Edna Clarke Hall (nee Waugh) was born in Shipbourne, Kent to the Victorian social campaigner Benjamin Waugh, who founded the National Society for the Prevention of Cruelty to Children. One of ten children she disliked school and was tutored at home, showing an early talent for drawing. William Clarke Hall, whom founded the NSPCC with her father, and who was later to become her husband, arranged for Edna to join the Slade School of Art at the age of fourteen.
At The Slade Edna was taught by renowned artist and Professor of Fine Art Henry Tonks, who also taught Shell artist Paul Nash. Edna won many certificates and prizes, including a Slade scholarship in 1897. Her favoured medium was watercolour as she liked the quickness and spontaneity of the result. There are some oil paintings that survived from this period which she painted under the guidance of Gwen John whom she studied alongside of Augustus John.
In 1898, at the age of nineteen, Edna married William Clarke Hall, 13 years her senior. William, whom had initially encouraged his wife’s artistic studies, expected Edna to conform to a more traditional role and concentrate on a wife’s duties. This led to Edna exhibiting less and mostly sharing her work with close friends, although Henry Tonks persuaded her to hold a solo show at the Chenil Galleries in London in 1914 which was a critical success.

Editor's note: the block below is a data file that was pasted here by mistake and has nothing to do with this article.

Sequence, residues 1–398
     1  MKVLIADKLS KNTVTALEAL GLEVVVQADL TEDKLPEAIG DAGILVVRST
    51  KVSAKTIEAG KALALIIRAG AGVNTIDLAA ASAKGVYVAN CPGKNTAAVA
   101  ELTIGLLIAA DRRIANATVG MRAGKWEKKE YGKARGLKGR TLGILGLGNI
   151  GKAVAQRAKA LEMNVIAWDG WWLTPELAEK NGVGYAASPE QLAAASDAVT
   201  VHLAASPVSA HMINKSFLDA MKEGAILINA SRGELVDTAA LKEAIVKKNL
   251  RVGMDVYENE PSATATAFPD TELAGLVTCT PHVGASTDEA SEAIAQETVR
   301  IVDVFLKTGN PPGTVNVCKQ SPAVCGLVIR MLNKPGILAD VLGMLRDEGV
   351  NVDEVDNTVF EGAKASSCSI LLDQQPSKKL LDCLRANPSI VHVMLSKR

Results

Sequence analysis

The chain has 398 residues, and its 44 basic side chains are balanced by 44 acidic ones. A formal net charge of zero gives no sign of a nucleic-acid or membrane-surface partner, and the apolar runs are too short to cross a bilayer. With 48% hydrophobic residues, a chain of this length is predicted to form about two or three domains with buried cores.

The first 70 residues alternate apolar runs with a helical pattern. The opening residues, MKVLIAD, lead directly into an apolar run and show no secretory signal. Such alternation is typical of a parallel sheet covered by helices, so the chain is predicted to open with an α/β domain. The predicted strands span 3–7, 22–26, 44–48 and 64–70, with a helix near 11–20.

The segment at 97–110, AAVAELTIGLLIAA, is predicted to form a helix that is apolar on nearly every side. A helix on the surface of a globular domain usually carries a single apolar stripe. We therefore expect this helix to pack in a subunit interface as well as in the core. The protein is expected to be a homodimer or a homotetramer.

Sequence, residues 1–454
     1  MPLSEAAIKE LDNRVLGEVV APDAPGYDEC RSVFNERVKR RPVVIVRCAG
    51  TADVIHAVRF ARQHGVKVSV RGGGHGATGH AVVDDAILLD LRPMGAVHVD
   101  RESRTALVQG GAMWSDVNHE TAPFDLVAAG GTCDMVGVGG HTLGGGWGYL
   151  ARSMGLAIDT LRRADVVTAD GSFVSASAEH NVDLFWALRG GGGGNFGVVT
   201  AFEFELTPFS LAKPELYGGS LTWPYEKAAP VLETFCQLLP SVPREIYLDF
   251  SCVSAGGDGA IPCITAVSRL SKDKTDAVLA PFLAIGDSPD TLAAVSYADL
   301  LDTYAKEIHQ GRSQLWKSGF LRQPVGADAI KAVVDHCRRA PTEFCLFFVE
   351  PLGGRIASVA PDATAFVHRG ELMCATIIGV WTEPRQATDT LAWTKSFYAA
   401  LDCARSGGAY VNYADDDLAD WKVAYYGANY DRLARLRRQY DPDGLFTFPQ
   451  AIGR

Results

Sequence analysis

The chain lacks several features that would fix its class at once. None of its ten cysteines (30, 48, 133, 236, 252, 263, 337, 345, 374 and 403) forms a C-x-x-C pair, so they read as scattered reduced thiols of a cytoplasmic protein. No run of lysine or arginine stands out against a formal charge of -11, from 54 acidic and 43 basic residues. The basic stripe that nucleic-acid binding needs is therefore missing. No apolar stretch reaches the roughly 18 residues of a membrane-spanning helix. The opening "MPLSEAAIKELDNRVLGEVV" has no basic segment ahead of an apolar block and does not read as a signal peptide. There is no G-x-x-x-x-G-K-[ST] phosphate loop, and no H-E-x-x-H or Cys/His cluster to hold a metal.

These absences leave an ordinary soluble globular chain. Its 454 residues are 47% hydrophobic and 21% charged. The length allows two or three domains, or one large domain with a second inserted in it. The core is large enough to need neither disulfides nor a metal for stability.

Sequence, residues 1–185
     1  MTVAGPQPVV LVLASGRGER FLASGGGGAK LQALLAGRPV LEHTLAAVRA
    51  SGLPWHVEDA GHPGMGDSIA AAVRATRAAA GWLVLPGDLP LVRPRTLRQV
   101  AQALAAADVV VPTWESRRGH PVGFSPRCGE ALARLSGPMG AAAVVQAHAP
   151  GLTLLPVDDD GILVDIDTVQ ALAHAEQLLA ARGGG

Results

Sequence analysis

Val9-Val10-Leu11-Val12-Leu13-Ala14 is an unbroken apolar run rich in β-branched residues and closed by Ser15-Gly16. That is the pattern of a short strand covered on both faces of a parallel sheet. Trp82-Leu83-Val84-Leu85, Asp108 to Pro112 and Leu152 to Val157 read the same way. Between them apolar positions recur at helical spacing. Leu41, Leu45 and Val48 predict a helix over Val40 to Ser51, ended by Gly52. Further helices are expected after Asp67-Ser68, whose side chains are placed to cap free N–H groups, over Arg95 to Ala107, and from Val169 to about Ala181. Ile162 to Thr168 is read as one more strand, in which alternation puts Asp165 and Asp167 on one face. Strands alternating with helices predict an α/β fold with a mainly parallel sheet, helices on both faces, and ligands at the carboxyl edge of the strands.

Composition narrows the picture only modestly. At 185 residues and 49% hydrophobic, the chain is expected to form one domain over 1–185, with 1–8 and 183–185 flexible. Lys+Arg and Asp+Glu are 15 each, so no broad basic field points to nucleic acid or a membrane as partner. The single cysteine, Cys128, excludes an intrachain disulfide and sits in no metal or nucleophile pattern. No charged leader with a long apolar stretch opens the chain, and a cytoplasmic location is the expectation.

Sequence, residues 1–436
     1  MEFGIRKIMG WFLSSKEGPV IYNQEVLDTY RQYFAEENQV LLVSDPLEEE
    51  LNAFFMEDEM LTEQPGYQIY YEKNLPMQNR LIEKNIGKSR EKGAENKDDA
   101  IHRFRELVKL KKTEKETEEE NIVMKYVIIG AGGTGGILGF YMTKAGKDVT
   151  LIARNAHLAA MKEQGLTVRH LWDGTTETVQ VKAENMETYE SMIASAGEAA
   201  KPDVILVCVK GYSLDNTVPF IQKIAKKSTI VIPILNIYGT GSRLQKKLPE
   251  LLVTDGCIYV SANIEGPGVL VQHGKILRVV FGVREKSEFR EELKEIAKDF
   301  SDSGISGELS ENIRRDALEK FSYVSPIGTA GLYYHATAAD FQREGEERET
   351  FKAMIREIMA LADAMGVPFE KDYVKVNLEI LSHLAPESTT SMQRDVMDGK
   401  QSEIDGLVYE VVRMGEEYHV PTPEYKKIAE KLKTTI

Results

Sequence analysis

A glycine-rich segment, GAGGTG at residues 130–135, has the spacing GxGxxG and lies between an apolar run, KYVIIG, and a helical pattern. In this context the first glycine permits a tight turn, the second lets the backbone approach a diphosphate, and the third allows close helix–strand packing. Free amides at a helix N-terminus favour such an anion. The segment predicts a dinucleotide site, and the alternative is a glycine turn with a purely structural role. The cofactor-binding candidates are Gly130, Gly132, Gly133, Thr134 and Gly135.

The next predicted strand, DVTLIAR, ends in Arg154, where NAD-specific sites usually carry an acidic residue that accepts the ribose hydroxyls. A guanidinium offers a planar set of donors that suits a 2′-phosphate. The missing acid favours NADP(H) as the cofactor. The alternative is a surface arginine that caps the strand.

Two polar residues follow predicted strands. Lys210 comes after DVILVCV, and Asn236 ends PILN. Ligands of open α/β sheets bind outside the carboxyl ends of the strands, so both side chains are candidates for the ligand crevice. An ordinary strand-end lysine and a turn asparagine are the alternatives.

After her marriage, Edna’s drawings and paintings became based around her domestic life, she painted the house they lived in called ‘Great Tomkins’, her children and family friends, including the suffragette Katie Gliddon, who was also an artist. It is believed Edna was involved in the suffragette movement. The family home reminded Edna of ‘Wuthering Heights’ depicted by Emily Bronte and she returned to this theme many times throughout her life, often when she was in emotional crisis. The conflict between her desire to paint and her husband’s wishes are believed to have been a cause for her nervous breakdown in 1919.
Tonks and Edna’s psychologist helped her work through some of the issues in her marriage so that she could re-establish her identity as an artist. Her husband helped her to set up a new studio in 1922 and she began exhibiting regularly again to great acclaim. Edna also wrote poetry, publishing in 1926 and 1930. In 1931 Edna’s Shell poster was used in their lorry bill campaign.
Through her husband being knighted in 1932 Edna became ‘Lady Clarke Hall’, unfortunately though, William died later that year. Edna was able to keep her painting studio thanks to mutual friends forming a Trust for her and she continued to work.
In 1941 Edna’s studio, along with much of her artwork, was destroyed during the Blitz of the Second World War. This was devastating for her and she gradually ceased painting by the early 1950s. Edna died aged 100 on 16th November 1979.